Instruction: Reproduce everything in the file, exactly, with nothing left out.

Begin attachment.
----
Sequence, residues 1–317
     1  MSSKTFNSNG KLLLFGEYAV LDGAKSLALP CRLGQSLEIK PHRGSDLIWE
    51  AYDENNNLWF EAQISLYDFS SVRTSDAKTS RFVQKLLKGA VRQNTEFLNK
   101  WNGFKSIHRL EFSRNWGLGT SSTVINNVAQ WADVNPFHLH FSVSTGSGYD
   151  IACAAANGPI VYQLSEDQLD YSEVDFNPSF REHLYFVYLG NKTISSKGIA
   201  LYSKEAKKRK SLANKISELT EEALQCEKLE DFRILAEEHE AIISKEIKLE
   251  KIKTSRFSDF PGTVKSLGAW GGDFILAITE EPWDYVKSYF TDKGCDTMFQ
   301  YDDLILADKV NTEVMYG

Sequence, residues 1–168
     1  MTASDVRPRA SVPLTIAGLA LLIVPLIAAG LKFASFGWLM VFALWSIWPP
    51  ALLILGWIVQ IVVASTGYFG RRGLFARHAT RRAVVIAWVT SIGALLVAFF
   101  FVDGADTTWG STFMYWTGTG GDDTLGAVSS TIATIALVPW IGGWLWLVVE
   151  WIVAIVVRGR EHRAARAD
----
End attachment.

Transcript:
Sequence, residues 1–317
     1  MSSKTFNSNG KLLLFGEYAV LDGAKSLALP CRLGQSLEIK PHRGSDLIWE
    51  AYDENNNLWF EAQISLYDFS SVRTSDAKTS RFVQKLLKGA VRQNTEFLNK
   101  WNGFKSIHRL EFSRNWGLGT SSTVINNVAQ WADVNPFHLH FSVSTGSGYD
   151  IACAAANGPI VYQLSEDQLD YSEVDFNPSF REHLYFVYLG NKTISSKGIA
   201  LYSKEAKKRK SLANKISELT EEALQCEKLE DFRILAEEHE AIISKEIKLE
   251  KIKTSRFSDF PGTVKSLGAW GGDFILAITE EPWDYVKSYF TDKGCDTMFQ
   301  YDDLILADKV NTEVMYG

Sequence, residues 1–168
     1  MTASDVRPRA SVPLTIAGLA LLIVPLIAAG LKFASFGWLM VFALWSIWPP
    51  ALLILGWIVQ IVVASTGYFG RRGLFARHAT RRAVVIAWVT SIGALLVAFF
   101  FVDGADTTWG STFMYWTGTG GDDTLGAVSS TIATIALVPW IGGWLWLVVE
   151  WIVAIVVRGR EHRAARAD